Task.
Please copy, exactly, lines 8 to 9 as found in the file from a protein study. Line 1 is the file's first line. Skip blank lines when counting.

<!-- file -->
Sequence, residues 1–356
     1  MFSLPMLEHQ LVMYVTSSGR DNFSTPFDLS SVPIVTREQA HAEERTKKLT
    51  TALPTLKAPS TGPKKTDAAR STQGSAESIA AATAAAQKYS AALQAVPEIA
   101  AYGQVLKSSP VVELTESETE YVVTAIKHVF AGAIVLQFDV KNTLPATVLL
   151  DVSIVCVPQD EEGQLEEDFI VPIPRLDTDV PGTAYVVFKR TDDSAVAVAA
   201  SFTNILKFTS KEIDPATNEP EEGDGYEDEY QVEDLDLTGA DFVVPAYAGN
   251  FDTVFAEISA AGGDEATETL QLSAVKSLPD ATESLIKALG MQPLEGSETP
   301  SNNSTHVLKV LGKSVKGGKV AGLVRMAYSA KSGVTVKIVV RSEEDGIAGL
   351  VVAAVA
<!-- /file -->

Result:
   301  SNNSTHVLKV LGKSVKGGKV AGLVRMAYSA KSGVTVKIVV RSEEDGIAGL
   351  VVAAVA